Review by Kirsty Hillyer with Photography by Lee Allen


“Are we all still emo kids or are we too old for that?”- Geoff Rickly

Opener Geoff Rickly is better known as frontman of the post hardcore kids fave band Thursday. I’ve never been a fan and so I was intrigued to see how I would respond to Geoff’s solo work and acoustic renditions of classic Thursday tracks. Driving bluesy guitars are occasionally married with big booming vocals that wake me up to the realisation that Geoff has an incredibly powerful voice. Sadly he hardly ever showcases this with any depth of raw passion and scale; instead he chooses to hide behind a safe small vocal range that lacks emotion. The highlight of Geoff’s set is his honesty in conversation; from anxiety, artistic pressure, to heroin addiction. Geoff’s set is filled with haunting truths from his own admissions of having never played publicly sober and clean before.

GEOFF RICKLY (4 of 19)

A booming Brummie voice shouts out ‘I LOVE YOU GEOFF!’ and you can’t help but smile at how such heckles, with that Brummie accent, are so purely authentic and filled with truth. A polite and sincere thank you for Geoff results in an earnest confession of how Thursday’s album ‘Full Collapse’ literally saved his life and pulled him back from the brink of suicide. The undeniable power of music to transcend it’s writers once in the lives of people is never short of amazing.

After such an admission we are treated to the set closing ‘Understanding in a Car Crash’ a song he’s never played on his own before. Whilst I may still not be a fan of the music Geoff epitomises an earnest song writer and musician whose vulnerability and openness should be applauded and aspired to.

In answer to Geoff’s question about our emo status – well the crowd is certainly a mix of those not yet born when Full Collapse came out and a room full of friends ready to nostalgically sing their lungs out to 2002’s Summer record.

GEOFF RICKLY (15 of 19)

GEOFF RICKLY (17 of 19)

Californian surf punkers The Frights have just signed to Epitaph and burst onto the stage fast and hard whilst basking in a golden light to super charge a surf fuzz to their hybrid of du-wop punk.

Despite having 3 full lengths and a live under their belt they are a new one on me and I can’t decide if they’re the quick shag in the alley you want to forget or if they’re the unplanned pregnancy you wouldn’t be without.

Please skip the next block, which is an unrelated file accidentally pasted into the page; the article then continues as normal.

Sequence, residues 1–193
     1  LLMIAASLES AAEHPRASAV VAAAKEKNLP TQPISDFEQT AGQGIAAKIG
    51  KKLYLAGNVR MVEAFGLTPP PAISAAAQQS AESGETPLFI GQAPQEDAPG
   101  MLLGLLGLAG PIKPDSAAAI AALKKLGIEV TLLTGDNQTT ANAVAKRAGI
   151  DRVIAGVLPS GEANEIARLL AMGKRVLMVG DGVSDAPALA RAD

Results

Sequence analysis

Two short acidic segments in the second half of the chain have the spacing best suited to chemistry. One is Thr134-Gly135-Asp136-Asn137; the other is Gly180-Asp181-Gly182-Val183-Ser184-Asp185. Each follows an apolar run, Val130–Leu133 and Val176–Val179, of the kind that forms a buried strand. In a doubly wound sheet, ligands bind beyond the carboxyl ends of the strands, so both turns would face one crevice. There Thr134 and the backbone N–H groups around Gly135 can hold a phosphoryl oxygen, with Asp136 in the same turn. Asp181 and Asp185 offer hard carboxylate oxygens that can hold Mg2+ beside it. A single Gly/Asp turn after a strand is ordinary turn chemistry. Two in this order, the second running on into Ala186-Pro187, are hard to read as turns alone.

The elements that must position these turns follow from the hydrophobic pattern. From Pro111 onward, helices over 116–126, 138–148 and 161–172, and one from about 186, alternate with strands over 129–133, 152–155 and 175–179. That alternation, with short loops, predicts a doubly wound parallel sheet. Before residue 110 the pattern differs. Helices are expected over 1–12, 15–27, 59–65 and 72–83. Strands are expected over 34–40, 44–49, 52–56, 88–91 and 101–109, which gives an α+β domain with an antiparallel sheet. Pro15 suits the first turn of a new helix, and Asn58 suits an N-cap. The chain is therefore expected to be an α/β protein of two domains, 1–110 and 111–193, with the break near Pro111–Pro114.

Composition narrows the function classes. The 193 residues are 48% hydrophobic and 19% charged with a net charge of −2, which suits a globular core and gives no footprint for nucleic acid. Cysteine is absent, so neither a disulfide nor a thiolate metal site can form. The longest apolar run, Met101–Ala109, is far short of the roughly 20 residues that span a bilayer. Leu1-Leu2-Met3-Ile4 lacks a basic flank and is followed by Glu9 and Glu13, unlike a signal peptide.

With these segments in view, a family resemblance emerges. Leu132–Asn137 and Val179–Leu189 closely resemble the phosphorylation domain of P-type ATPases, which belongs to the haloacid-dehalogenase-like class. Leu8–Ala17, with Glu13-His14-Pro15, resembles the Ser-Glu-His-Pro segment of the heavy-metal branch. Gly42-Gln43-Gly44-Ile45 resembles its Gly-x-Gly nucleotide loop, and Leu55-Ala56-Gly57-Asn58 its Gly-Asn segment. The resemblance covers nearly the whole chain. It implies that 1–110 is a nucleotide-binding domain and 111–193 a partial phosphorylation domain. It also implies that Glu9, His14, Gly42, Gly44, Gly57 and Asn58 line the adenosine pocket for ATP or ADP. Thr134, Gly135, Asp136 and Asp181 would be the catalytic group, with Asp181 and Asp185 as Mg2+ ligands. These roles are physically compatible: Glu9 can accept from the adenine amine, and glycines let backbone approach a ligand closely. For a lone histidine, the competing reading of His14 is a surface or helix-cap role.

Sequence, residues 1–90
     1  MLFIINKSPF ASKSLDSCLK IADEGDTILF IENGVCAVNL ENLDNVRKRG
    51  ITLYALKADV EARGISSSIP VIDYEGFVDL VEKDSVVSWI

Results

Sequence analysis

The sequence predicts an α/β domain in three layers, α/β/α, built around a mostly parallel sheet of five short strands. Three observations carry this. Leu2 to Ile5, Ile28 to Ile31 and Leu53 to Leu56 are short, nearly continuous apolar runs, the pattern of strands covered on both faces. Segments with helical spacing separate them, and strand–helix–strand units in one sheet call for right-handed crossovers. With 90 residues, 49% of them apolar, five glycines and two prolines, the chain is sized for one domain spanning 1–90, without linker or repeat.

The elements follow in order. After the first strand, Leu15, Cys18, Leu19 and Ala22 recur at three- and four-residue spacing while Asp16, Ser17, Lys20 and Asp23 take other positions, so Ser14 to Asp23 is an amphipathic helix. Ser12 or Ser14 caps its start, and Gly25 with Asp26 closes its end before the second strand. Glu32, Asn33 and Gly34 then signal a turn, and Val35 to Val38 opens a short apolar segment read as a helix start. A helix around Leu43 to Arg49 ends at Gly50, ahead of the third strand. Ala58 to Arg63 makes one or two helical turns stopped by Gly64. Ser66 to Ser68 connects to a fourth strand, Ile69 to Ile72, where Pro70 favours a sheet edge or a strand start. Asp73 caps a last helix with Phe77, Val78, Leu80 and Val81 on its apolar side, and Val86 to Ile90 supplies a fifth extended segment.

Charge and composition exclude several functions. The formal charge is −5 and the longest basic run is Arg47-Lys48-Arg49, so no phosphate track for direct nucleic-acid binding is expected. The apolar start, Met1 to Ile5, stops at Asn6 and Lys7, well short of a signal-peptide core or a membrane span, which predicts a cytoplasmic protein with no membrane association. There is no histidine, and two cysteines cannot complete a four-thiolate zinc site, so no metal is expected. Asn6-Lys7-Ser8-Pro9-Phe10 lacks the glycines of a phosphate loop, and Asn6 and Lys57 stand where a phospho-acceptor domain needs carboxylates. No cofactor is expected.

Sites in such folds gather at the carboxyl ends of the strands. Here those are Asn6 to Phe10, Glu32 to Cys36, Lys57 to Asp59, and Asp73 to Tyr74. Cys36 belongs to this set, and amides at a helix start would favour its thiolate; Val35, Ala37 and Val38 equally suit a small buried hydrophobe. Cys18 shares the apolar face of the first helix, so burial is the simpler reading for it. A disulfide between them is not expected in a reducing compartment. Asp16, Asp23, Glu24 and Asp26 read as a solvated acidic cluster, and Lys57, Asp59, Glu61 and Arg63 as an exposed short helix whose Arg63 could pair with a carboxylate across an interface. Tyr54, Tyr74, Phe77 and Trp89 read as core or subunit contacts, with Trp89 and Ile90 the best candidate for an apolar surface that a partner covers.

THE FRIGHTS (10 of 14)

I just can’t decide if the saccharine 50s vibes are just too insincere and jarring with the scuzzy surf punk as they croon ‘you are my baby that’s all I need’ and ‘I miss my Mom and Dad’.

I spend half the set bemused and confused as my brain processes the marmite nature of this band and how their unique mix will no doubt rain large volumes of money on the heads of record execs. Before I can come to any conclusion an arrogant twiddly jam fest that extends beyond it’s sell by date checks my brain out.

THE FRIGHTS (13 of 14)

THE FRIGHTS (3 of 14)

This is the 20th anniversary tour for Taking Back Sunday being a band and to celebrate the occasion we’re treated to Tell All Your Friends in full, followed up with a storming second half full of big hitters. There couldn’t have been a more perfect TBS set.

Adam Lazarra’s charisma and sexual energy is adored by male and female fans alike. Ever the showman his mic swinging skills are unparalleled as they whip straight into ‘You Know how You Do’.


Birmingham has a bad reputation for not turning out and showing up for bands passing through, which is why we’re increasingly missed out. Adam declares ‘when they said we were starting this tour in Birmingham we said one of the best damn tours we ever had started in Birmingham’.

Standing on the sidelines the Institute’s sound lives up to it’s bad reputation but I’m not sure you’d hear the band anyway as an evening of crowd screaming, double part harmonising ensues for every last song.

The crowd are played to perfection with long drawn out pauses so that the band can bask in the moment before the song kicks back in during ‘Bike Scene’.



The sharing vibe of the show continues with insights into songs that feel fresh, even if you’ve read about it before or heard it during shows gone by. Regaling tales of intent for a slower piano section for ‘Blue Channel’ only for the tapes to have a faster version and changing the dynamic of the song. The tracks off ‘Tell All Your Friends’ were named after the preview info they had on the tv channels when they didn’t have cable; and suddenly you’ll feel a part of the history of this record.

It was a treat to discover more about an album that has only served to grow with you and never gotten old; just simply new meanings. Adam points out that ‘Photograph’ hasn’t been performed since 2004 and he too finds new meaning as he’s aged. Great songs always find ways to return to us.


If it wasn’t for the shitty sound this would have been a near perfect show, Taking Back Sunday never fail to deliver but seeing them are always bittersweet for me. The harmonies of John Nolan always makes me want to listen to the greatness that is Straylight Run and the circumstances behind that band finds me feeling slightly morose at the lack of Eddie Reyes on this celebratory anniversary. Tonight was a high energy fuelled party full of nostalgia for the people we were and the music that has shaped who we’ve become. Taking Back Sunday I salute you.

Set List:

You Know How I Do
Bike Scene
Cute without the ‘E’
There’s No I in Team
Great Romances of the 20th Century
Ghost Man on Third
Timberwolves at New Jersey
The Blue Channel
You’re So Last Summer
Head Club

A Decade Under the Influence
Error: Operator
Set Phasers to Stun
Tidal Wave
This Photograph is Proof
What is Feels Like to Be a Ghost
Can’t Look Back
Already to Go
Make Damn Sure



See the complete photoset from tonight’s gig here.

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